Carnegie Mellon University

Image of Dr. Ed Frank

February 09, 2018

Frank Elected to National Academy of Engineering

Abby Simmons
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Carnegie Mellon University alumnus and trustee Dr. Edward Frank, who led the development of four generations of Macintosh computers, has been elected to the National Academy of Engineering, one of the highest professional distinctions an engineer can receive.

Frank earned his Ph.D. from the School of Computer Science in 1985 and has been a member of CMU's Board of Trustees since 2000. He was elected to the NAE for his "contributions to the development and commercialization of wireless networking products."

Currently, CEO of Brilliant Lime Inc., Frank has held leadership positions in several Bay Area technology companies, including Apple, Broadcom and his own startup, Cloud Parity Inc., which has developed an innovative social mobile platform for dramatically improved consumer engagement.

"Carnegie Mellon benefits from some of the finest minds in the nation — on our faculty and among our students, to be sure, but just as important, on our board of trustees, as illustrated by this national recognition for Dr. Ed Frank," said CMU Interim President Farnam Jahanian. "Ed's distinction in his field allows him to bring an important lens to some of the university's most critical work, even as his provocative insights and deep commitment to CMU make him a leader in our shared stewardship for this great institution."

Frank was vice president of Macintosh Hardware Systems Engineering at Apple from 2009 to 2013, when he pioneered the development of several iterations of laptops and desktop computers.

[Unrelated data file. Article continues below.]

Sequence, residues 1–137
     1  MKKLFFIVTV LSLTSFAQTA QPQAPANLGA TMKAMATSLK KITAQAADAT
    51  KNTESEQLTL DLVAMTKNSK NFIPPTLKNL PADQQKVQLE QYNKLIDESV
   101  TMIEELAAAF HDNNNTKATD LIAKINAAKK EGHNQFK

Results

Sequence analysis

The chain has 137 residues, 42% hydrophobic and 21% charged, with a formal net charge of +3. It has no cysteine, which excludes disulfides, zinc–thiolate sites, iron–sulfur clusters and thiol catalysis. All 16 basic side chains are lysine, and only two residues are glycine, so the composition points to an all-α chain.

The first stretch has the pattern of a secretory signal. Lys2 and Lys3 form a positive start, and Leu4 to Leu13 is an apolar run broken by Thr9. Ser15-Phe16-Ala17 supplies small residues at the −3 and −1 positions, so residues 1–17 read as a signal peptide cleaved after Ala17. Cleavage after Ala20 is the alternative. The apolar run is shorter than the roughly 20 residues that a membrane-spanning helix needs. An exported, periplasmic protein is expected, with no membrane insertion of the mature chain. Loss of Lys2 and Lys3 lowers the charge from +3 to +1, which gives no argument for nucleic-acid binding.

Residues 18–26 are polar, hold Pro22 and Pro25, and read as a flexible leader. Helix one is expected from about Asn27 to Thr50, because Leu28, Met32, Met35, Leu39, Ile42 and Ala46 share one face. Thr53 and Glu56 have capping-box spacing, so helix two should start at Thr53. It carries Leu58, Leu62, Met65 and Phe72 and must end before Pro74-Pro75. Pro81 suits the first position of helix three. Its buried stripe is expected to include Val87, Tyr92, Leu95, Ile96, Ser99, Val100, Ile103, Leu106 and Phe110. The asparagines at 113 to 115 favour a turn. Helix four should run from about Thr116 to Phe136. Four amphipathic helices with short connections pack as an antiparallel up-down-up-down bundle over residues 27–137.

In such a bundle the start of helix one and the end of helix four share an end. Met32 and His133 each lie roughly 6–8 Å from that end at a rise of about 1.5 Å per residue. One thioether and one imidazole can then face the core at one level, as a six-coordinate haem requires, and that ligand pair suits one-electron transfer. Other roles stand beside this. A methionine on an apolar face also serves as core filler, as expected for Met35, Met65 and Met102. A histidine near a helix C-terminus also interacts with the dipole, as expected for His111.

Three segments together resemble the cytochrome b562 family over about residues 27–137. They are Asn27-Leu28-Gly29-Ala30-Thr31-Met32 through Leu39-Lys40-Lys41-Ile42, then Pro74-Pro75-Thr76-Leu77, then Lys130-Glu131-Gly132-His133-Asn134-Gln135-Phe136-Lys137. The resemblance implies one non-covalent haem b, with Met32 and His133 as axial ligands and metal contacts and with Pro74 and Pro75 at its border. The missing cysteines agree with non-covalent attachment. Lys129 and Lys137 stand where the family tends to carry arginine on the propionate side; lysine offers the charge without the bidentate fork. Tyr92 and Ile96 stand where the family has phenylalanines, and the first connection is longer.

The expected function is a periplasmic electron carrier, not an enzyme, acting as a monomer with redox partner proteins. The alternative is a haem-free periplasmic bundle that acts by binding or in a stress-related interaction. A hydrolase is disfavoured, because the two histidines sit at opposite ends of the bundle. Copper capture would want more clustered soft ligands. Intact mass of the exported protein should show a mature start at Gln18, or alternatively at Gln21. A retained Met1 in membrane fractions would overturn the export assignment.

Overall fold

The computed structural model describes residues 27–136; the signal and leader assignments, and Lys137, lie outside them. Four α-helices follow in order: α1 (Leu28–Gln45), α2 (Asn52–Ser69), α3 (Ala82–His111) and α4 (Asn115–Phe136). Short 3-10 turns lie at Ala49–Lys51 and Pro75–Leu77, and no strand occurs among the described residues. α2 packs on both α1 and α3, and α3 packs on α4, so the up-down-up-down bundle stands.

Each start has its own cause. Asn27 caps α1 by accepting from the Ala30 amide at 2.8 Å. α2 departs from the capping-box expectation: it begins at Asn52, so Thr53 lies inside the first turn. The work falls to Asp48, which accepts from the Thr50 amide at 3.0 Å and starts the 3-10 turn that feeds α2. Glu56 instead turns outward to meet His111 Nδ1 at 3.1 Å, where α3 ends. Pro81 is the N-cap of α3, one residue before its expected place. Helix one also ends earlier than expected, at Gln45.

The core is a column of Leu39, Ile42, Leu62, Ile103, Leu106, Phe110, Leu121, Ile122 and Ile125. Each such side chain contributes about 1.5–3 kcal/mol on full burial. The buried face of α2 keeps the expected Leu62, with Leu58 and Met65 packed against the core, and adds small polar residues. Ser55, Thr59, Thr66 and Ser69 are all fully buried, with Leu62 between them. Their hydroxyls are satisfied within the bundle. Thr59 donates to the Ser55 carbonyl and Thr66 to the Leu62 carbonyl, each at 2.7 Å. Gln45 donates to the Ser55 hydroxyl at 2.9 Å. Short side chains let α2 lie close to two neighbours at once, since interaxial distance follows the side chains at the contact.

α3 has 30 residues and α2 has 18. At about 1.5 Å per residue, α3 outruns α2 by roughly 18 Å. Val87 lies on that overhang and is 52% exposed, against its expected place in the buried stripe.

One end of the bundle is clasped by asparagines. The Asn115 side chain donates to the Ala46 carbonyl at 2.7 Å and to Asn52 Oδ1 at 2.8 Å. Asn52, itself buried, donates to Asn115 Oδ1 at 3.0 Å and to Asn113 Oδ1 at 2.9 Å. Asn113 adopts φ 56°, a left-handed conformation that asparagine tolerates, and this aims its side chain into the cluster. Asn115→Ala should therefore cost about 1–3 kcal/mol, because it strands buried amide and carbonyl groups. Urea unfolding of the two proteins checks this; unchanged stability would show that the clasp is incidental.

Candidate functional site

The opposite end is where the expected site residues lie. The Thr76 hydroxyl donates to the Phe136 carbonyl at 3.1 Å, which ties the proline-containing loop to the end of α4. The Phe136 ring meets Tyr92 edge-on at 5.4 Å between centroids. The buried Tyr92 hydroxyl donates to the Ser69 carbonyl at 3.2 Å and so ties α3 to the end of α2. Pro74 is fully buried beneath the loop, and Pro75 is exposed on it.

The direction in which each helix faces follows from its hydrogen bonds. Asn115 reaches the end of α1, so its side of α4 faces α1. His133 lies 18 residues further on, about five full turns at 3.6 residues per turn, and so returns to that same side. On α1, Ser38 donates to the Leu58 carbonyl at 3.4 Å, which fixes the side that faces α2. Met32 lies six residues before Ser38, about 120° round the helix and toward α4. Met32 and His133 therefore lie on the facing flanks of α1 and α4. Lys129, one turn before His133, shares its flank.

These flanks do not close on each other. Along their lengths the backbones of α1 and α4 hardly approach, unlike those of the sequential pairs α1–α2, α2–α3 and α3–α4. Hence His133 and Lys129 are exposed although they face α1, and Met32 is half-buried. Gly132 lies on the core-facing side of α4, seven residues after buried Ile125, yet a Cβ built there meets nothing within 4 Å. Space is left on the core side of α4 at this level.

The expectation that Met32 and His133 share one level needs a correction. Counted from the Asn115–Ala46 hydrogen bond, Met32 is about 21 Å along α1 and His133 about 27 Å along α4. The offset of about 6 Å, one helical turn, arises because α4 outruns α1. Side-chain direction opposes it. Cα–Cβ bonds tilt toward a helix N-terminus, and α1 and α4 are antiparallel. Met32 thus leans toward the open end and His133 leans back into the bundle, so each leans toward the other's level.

Before joining Apple, he was corporate vice president of Research and Development at Broadcom, where he co-founded and led the engineering group for Broadcom's Wireless LAN business, one of its largest units. In the late 1980s and early 1990s, Frank was a distinguished engineer at Sun Microsystems, Inc., where he developed Sun's Green Project, the precursor to the Java cross-platform web programming language.

He holds more than 50 patents, serves on the boards of several technology companies and is an adviser to Bay Area venture capital firms and startups.

"Educating engineers and computer scientists who understand how humans interact with technology has never been more important, and no place does that better than Carnegie Mellon." — Dr. Edward Frank

Image of Dr. Ed Frank

Frank is the 57th NAE member affiliated with CMU.

"I am honored by the NAE's election, and proud to join a distinguished group of CMU faculty and alumni who are part of the Academy," Frank said. "Educating engineers and computer scientists who understand how humans interact with technology has never been more important, and no place does that better than Carnegie Mellon."

Frank is vice chair of CMU's Board of Trustees. He has served on numerous trustee committees and was chair of CMU's previous capital campaign. He also has been a member of eight presidential advisory boards and dean's councils.

Frank has been an avid supporter of CMU. He and his wife, Sarah, a 1983 graduate of CMU's School of Art, gave the naming gift for the Frank-Ratchye STUDIO for Creative Inquiry, a flexible laboratory for new, interdisciplinary modes of arts research, production and presentation. The Franks are among the founders of CMU's Silicon Valley campus, which opened for classes in 2002.

Frank earned his bachelor's and master's degrees in electrical engineering from Stanford University.

The NAE Class of 2018 includes 83 new members and 16 foreign members. Academy membership honors those who have made outstanding contributions to "engineering research, practice, or education, including, where appropriate, significant contributions to the engineering literature" and to "the pioneering of new and developing fields of technology, making major advancements in traditional fields of engineering, or developing/implementing innovative approaches to engineering education."

He will be formally inducted during a ceremony at the NAE's annual meeting on Sept. 30 in Washington, D.C.